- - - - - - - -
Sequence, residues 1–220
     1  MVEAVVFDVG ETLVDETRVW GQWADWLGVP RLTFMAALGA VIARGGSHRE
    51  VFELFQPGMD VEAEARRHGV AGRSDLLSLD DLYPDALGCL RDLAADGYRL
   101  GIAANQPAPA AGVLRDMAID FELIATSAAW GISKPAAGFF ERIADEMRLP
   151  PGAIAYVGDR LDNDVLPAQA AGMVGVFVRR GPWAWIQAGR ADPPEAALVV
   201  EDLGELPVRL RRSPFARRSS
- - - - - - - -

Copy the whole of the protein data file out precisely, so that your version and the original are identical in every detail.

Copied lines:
Sequence, residues 1–220
     1  MVEAVVFDVG ETLVDETRVW GQWADWLGVP RLTFMAALGA VIARGGSHRE
    51  VFELFQPGMD VEAEARRHGV AGRSDLLSLD DLYPDALGCL RDLAADGYRL
   101  GIAANQPAPA AGVLRDMAID FELIATSAAW GISKPAAGFF ERIADEMRLP
   151  PGAIAYVGDR LDNDVLPAQA AGMVGVFVRR GPWAWIQAGR ADPPEAALVV
   201  EDLGELPVRL RRSPFARRSS